Washington Post stating that he "has gone to extraordinary lengths to conceal details" of his discussions with Russian President Vladimir Putin - telling Fox News host Jeanine Pirro in a phone interview that he would be willing to release the details of a private conversation in Helsinki last summer.

"I would. I don't care," Trump told Pirro, adding: "I'm not keeping anything under wraps. I couldn't care less."

"I mean, it's so ridiculous, these people making up," Trump said of the WaPo report.

The president referred to his roughly two-hour dialogue with Putin in Helsinki -- at which only the leaders and their translators were present -- as "a great conversation" that included discussions about "securing Israel and lots of other things."

"I had a conversation like every president does," Trump said Saturday. "You sit with the president of various countries. I do it with all countries." - Politico

In July an attempt by House Democrats to subpoena Trump's Helsinki interpreter was quashed by Republicans.

"The Washington Post is almost as bad, or probably as bad, as the New York Times," Trump said.

When Pirro asked Trump about a Friday night New York Times report that the FBI had opened an inquiry into whether he was working for Putin, Pirro asked Trump "Are you now or have you ever worked for Russia, Mr. President?"

"I think it's the most insulting thing I've ever been asked," Trump responded. "I think it's the most insulting article I've ever had written."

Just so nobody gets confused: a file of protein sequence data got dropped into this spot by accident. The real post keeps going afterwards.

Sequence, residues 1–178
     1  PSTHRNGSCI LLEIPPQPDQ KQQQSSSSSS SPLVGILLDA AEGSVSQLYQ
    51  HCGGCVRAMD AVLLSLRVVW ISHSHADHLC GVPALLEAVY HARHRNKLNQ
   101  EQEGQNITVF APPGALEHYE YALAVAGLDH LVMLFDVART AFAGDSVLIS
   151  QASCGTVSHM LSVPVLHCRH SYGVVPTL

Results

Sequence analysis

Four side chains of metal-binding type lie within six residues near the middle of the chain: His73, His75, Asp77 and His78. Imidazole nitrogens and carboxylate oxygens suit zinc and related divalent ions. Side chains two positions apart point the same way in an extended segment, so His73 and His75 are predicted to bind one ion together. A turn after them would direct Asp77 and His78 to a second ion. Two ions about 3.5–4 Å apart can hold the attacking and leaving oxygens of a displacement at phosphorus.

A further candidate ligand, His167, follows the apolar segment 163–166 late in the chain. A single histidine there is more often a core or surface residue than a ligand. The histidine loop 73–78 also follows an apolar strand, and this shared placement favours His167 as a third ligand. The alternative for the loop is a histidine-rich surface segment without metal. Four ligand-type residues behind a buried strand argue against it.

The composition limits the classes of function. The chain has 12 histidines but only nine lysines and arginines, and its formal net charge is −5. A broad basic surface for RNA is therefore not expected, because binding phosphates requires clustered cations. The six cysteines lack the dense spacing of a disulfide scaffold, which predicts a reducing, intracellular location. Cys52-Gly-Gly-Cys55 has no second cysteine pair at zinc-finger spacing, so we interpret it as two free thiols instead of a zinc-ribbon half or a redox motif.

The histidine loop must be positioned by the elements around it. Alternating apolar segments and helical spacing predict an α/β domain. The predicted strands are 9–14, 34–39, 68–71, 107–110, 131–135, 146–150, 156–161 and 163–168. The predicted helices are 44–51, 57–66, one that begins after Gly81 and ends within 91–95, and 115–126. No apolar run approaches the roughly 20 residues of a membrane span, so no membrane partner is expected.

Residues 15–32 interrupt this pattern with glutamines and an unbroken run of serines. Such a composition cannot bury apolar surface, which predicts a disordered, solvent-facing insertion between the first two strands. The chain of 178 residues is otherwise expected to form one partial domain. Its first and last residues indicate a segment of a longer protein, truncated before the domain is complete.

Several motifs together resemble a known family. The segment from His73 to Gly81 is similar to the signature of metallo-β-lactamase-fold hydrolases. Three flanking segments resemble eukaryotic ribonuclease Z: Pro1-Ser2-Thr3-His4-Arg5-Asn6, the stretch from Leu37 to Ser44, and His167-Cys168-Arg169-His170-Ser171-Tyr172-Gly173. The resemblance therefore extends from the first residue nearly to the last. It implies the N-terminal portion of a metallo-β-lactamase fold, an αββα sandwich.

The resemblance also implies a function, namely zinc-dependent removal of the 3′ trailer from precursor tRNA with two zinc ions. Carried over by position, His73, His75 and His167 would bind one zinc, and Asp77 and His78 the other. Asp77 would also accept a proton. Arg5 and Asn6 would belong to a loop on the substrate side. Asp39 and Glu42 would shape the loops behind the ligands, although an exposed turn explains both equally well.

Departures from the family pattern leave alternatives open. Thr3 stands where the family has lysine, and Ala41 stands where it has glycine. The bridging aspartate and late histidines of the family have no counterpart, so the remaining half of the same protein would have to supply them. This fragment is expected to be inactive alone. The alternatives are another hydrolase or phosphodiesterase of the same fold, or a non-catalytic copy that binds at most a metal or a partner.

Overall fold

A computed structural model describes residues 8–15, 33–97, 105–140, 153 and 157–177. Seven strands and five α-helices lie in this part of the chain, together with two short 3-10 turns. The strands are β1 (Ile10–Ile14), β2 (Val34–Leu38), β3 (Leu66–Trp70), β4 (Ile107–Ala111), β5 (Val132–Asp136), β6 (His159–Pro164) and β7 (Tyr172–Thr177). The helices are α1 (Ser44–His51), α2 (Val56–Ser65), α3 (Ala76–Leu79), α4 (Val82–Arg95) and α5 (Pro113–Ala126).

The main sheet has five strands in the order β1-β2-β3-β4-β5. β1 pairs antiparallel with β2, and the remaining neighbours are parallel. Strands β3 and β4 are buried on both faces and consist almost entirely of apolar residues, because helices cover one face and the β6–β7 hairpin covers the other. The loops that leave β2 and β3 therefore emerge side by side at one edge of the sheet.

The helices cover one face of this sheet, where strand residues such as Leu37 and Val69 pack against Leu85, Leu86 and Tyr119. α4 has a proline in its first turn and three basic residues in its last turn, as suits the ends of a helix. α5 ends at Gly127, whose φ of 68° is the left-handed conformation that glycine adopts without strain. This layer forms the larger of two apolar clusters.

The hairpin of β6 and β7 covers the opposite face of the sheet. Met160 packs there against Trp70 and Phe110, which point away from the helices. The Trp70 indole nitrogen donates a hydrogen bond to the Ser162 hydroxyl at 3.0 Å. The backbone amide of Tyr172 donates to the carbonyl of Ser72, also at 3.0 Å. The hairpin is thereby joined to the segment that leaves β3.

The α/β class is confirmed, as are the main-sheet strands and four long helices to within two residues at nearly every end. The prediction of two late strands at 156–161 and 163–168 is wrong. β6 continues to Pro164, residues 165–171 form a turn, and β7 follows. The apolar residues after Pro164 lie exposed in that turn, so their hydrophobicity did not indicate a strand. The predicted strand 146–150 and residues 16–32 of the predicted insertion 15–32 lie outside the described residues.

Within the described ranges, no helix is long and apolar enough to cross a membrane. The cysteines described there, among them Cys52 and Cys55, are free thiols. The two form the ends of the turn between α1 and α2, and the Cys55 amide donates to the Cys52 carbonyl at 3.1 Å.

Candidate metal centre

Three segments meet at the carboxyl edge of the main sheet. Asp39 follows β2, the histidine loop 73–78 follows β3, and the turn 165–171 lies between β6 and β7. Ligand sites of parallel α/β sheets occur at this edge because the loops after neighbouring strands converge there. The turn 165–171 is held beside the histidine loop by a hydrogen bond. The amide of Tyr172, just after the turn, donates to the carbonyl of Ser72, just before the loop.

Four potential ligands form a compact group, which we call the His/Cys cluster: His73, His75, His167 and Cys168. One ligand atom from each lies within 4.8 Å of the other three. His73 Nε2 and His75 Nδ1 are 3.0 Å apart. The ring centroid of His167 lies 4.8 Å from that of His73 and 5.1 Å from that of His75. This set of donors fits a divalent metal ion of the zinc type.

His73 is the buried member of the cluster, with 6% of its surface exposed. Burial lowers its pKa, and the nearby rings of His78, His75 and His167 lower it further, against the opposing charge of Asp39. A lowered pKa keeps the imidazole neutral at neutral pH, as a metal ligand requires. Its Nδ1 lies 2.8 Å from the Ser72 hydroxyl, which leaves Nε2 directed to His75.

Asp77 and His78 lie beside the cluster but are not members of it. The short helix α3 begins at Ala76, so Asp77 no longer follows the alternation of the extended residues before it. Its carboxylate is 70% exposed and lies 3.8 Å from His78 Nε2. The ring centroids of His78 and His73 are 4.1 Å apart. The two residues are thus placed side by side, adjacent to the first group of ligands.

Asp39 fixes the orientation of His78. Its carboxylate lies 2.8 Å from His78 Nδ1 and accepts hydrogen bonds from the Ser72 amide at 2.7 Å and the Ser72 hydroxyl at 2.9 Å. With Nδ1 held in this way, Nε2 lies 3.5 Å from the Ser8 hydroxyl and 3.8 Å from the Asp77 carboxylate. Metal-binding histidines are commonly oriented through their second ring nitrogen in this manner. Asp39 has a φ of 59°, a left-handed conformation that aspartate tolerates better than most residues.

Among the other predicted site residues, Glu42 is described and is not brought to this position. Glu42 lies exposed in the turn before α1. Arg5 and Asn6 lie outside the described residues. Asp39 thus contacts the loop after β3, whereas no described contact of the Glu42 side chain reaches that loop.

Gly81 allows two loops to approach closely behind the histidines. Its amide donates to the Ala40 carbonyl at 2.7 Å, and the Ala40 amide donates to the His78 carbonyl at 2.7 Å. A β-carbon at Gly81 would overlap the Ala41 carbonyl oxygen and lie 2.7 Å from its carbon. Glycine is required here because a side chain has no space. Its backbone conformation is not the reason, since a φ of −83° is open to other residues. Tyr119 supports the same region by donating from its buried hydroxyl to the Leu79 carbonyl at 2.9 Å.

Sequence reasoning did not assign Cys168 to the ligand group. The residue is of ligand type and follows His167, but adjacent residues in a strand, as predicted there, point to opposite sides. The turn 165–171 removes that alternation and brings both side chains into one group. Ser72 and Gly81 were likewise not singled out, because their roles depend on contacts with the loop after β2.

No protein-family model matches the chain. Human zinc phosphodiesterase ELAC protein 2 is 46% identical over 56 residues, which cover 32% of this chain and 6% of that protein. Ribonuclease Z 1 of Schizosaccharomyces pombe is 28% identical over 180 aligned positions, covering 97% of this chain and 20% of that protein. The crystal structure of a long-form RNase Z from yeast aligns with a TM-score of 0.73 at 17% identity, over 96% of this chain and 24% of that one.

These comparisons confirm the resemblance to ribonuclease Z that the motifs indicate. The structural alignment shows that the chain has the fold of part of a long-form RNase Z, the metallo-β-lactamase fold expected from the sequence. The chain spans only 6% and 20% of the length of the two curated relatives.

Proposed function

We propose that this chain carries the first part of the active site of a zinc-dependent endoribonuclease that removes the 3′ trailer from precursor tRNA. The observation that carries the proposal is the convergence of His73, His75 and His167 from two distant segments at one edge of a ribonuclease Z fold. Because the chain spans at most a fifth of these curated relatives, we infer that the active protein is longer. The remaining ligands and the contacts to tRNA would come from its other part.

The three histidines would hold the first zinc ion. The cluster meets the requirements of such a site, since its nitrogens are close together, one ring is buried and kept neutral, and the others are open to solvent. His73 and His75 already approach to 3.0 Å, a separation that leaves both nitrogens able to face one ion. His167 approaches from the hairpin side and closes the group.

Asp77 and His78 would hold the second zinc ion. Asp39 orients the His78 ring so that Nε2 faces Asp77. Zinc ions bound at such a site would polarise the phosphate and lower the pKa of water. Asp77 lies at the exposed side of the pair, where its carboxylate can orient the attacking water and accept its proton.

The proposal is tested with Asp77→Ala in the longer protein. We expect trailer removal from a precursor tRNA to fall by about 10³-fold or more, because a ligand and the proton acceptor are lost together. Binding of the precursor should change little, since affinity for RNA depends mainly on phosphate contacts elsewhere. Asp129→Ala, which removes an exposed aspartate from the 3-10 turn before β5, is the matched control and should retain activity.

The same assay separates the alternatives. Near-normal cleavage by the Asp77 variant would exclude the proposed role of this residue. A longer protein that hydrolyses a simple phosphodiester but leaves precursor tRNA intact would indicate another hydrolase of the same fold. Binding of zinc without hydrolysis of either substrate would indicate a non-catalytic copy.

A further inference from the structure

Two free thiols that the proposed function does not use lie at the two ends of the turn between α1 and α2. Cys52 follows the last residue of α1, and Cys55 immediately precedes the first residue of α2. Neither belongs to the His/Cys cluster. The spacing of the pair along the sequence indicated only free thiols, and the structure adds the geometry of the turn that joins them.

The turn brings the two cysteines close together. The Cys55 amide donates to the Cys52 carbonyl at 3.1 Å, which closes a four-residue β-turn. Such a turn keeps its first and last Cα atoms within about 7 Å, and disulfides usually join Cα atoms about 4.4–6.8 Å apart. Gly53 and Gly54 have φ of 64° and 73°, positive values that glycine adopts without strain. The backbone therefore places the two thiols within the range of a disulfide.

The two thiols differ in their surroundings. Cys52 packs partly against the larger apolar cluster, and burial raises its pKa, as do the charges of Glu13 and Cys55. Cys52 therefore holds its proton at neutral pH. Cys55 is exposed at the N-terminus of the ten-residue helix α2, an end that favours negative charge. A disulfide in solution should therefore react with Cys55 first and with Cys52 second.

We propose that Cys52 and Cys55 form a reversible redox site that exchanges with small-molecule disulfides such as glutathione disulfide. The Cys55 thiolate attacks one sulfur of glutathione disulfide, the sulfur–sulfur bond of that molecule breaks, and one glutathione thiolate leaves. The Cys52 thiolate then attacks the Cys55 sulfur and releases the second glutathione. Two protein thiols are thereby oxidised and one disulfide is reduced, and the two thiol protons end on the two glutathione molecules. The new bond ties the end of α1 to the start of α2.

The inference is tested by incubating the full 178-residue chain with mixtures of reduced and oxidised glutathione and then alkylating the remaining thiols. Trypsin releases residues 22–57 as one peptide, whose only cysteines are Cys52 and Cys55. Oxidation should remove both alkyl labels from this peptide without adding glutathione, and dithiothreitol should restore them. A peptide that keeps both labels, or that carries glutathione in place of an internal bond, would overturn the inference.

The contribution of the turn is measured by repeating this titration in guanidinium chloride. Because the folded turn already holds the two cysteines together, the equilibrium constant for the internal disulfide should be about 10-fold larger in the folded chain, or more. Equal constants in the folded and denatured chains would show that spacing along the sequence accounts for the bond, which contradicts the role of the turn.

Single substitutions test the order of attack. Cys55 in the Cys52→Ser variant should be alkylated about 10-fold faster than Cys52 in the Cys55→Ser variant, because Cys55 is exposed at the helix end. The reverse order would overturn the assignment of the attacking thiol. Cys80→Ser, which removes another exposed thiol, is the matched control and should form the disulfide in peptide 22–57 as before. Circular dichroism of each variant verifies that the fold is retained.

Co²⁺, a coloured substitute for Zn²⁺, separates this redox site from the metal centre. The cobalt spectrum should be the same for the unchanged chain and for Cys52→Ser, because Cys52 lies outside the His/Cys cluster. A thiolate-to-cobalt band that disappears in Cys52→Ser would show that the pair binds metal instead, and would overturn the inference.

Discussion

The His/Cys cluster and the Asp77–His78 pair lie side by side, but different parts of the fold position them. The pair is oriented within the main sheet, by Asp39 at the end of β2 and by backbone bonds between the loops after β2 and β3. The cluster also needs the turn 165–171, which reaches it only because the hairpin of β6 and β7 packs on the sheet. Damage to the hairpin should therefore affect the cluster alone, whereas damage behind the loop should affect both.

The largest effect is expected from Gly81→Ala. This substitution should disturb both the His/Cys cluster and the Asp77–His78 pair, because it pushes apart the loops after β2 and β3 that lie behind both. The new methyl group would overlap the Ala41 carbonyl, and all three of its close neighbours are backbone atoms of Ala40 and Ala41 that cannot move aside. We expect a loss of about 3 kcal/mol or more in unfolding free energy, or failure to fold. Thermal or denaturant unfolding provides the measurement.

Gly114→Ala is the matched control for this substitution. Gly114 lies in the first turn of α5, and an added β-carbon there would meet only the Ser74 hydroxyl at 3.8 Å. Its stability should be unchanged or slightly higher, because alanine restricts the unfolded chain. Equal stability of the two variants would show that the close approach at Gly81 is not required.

Trump went on an epic tweetstorm Saturday following the Times article, defending his 2017 firing of former FBI Director James Comey, and tweeting that he has been "FAR tougher on Russia than Obama, Bush or Clinton. Maybe tougher than any other President. At the same time, & as I have often said, getting along with Russia is a good thing, not a bad thing. I fully expect that someday we will have good relations with Russia again!"

rumcho

Jeff Bezos paid $250 million for Washington Post, five years later he gets a government contract with the CIA for $600 million. Are you connecting the dots? You do the numbers. This is how fascism works. Bezos is a crony capitalist joker.

Anunnaki

https://www.moonofalabama.org/2019/01/the-trump-russia-scam-how-obama-enabled-the-fbi-to-spy-on-trump.html#more

is Trump waiting for Mueller to lay down his cards? Head him off at the pass and arrest Obama, Rice, Jarrett, Lynch, Comey, Rosenstein and McCabe all on day 1

best defense is a good offense. Make the narrative about Dem sedition not impending House impeachment hearings.

You are President, start acting like it. Make them fear you.

your re-election depends on Mike Obama not being your opponent.

Let it Go

WaPo, again?